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July 26, 2009

Economist's View - 3 new articles

The Fed as Systemic Risk Regulator?

Alan Blinder favors making the Fed the systemic risk regulator for the U.S.:

An Early-Warning System, Run by the Fed, by Alan Blinder, Commentary, NY Times: ...[T]wo contradictory crosscurrents are swirling in Washington — one that would enhance the Fed's powers and one that would curtail them.

The Treasury's recent white paper on financial regulatory reform would have the Fed "supervise all firms that could pose a threat to financial stability," even if they are not banks, turning the Fed into what some people are calling the nation's "systemic-risk regulator." Doing so would expand the Fed's reach...

On the other hand, some members of Congress are grumbling that the Fed has already overreached, usurping Congressional authority. Others contend that it has performed so poorly as a regulator that it hardly deserves more power. Representative Ron Paul, the Texas Republican, has even introduced a bill that would have the Government Accountability Office audit the Fed's monetary policy — a truly terrible idea that could quickly undermine the Fed's independence. ...

The main task of a systemic-risk regulator is to serve as an early-warning-and-prevention system, on the prowl for looming risks that extend across traditional boundaries and are becoming large enough to have systemic consequences. Can this job be done perfectly? No. Is it worth trying? I think so. ...

Some people would end the systemic-risk regulator's role there, making it an investigative body and whistle-blower whose job is to alert other agencies to mounting hazards. But if systemic problems are uncovered, someone must take steps to remedy or ameliorate them.

Under one model, the regulator would be like the family doctor ... making a general diagnosis and then referring the patient to appropriate specialists for treatment: to the Securities and Exchange Commission for securities problems, to the banking agencies for safety and soundness issues... But if multiple agencies are involved, their actions would need coordination. Would a systemic-risk regulator ... find itself herding cats?

An alternative model would work more like a full-service H.M.O., where an internist refers patients to in-house specialists as necessary. To make that work, the systemic-risk regulator would need more power — not just to diagnose problems, but also to fix them. And it would need a huge range of in-house expertise.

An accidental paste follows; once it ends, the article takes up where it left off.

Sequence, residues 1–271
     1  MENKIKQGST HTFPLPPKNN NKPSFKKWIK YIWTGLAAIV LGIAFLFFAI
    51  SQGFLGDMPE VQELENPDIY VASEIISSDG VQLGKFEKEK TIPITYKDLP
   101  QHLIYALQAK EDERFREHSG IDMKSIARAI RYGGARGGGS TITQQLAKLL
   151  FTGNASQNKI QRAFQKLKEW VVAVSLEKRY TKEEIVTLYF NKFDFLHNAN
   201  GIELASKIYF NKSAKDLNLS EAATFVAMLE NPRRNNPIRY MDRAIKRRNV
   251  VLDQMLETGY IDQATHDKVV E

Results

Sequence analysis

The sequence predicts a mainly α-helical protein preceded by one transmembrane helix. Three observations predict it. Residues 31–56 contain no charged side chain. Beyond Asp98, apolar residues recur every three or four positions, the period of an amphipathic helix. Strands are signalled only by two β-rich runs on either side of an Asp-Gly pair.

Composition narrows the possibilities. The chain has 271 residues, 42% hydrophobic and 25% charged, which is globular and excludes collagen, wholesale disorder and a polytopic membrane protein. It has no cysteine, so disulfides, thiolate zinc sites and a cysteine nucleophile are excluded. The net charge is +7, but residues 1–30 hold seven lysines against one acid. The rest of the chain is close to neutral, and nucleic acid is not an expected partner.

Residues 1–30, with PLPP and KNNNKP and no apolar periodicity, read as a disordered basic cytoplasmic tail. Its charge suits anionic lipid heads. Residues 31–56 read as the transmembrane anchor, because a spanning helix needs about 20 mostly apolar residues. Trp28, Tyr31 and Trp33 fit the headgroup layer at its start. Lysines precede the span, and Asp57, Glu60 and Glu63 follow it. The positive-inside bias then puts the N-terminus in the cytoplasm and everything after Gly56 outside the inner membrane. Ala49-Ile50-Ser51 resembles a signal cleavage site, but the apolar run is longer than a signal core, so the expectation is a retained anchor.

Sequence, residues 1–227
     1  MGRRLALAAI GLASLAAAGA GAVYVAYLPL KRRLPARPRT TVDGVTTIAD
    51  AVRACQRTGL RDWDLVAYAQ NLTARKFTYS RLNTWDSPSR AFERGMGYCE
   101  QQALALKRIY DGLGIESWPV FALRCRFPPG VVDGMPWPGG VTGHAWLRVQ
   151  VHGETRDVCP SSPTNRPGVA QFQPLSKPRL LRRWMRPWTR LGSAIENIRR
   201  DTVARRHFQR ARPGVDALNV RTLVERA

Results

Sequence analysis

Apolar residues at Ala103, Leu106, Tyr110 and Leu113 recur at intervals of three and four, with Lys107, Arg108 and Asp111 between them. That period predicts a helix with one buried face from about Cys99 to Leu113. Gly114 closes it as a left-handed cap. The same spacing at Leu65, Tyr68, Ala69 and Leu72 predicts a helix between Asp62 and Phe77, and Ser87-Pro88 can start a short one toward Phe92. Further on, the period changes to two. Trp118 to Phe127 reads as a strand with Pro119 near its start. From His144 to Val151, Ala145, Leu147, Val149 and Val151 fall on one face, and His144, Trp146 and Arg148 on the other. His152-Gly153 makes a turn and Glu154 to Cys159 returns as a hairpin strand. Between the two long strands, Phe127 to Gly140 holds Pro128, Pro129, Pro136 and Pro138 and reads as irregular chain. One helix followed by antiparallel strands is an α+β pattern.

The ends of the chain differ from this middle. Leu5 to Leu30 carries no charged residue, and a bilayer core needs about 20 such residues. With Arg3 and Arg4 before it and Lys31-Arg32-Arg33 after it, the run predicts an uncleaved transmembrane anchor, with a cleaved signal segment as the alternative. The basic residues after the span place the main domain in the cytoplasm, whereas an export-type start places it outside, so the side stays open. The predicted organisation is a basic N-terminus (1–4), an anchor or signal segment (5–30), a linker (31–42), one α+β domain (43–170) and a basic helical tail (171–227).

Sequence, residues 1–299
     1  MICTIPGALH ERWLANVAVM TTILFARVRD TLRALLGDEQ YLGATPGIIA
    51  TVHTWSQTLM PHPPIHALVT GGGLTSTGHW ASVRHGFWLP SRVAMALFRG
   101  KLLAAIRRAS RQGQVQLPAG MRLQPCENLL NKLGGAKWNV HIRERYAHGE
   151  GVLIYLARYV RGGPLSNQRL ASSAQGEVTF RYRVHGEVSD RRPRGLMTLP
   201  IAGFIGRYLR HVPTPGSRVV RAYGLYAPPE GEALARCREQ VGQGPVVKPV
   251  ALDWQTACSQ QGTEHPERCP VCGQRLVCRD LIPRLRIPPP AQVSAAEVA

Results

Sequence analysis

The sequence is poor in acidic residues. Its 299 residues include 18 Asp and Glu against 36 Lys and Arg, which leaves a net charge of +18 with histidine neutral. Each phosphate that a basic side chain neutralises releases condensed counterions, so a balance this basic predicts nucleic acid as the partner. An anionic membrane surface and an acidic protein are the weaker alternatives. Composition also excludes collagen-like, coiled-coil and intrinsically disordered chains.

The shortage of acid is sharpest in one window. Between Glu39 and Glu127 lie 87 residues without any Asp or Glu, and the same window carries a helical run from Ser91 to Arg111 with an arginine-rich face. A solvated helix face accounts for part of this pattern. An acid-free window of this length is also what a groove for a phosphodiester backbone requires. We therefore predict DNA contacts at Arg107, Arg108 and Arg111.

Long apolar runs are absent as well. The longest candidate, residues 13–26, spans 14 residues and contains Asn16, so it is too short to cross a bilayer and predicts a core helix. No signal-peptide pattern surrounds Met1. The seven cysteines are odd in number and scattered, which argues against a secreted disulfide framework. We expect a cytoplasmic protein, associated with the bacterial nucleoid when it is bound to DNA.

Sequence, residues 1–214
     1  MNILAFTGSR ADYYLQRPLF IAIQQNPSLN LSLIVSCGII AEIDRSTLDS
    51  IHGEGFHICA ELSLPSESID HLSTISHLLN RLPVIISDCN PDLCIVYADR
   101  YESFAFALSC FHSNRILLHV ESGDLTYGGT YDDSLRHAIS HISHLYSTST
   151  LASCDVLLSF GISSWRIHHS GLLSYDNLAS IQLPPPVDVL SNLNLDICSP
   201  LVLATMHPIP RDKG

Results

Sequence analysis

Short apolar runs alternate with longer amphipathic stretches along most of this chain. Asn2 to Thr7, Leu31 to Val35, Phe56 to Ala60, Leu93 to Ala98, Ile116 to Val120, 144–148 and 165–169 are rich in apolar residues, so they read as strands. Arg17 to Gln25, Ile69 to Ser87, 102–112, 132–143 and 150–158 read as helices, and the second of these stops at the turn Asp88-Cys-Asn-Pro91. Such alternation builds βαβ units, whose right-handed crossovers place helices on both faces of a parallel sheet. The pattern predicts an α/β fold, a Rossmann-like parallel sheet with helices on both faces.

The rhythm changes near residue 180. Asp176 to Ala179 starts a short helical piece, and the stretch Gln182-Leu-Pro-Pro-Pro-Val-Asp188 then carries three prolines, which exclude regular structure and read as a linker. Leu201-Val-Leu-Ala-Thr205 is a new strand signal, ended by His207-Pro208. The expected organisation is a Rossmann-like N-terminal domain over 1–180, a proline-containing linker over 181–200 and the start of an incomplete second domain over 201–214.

Crucially, when truly systemic problems arise, a lender of last resort is almost certain to be part of the solution — and that means the central bank. So if there is to be a systemic-risk regulator in the United States, it should be the Fed.

Furthermore, unlike any other agency, the Fed would not be starting from scratch... The Fed already has the eyes and ears (though not enough of them) to do this job, and has the broad view (though, again, not broad enough) over the entire financial landscape. It must have such a view to handle monetary policy properly.

I am also deeply skeptical that a consortium or a committee would succeed at systemic-risk regulation. Creating a hydra-headed regulator, as some have proposed, invites delays, disagreements and turf wars — and dilutes accountability. So the Treasury plan sensibly puts the Fed in the driver's seat, with the others playing advisory roles.

Now to the final question. Critics who worry about the Fed accumulating too much power have a point. But the Treasury proposal already clips the Fed's wings by stripping away its authority over consumer protection, and further wing-clippings are possible. But when it comes to dealing with systemic risk, Treasury Secretary Timothy F. Geithner said last month, "I do not believe there is a plausible alternative." Neither do I.

Here's Alice Rivlin with a more space to write and hence a more nuanced view of the issues. This is from her testimony before the House Committee on Financial Services and the Senate Committee on Banking, Housing and Urban Affairs. I agree with most of what she says, but not point three where she argues that "it would be a mistake to identify specific institutions as too big to fail and an even greater mistake to give this responsibility to the Fed." One of her arguments is that we can't necessarily identify systemically risky institutions until problems actually develop, but I believe it is possible to do this. It may require that we develop some new measures of connectedness, size isn't the only determining factor, but it seems quite feasible and desirable to develop ways of characterizing risk from interconnectedness. And once the risk is identified, it needs to be controlled and I see the Fed as the best agency to do this for the reasons Blinder outlines (point three is the main focal point in the extracts below, but there's quite a bit more in the original, e.g. sections on the need for regulation to fix the perverse incentives in the mortgage and financial industries, and a discussion of controlling leverage):

Reducing Systemic Risk in the Financial Sector, by Alice M. Rivlin: July 21, 2009 — Mr. Chairman and members of the Committee:

I am happy to be back before this Committee to give my views on reducing systemic risk in financial services. ...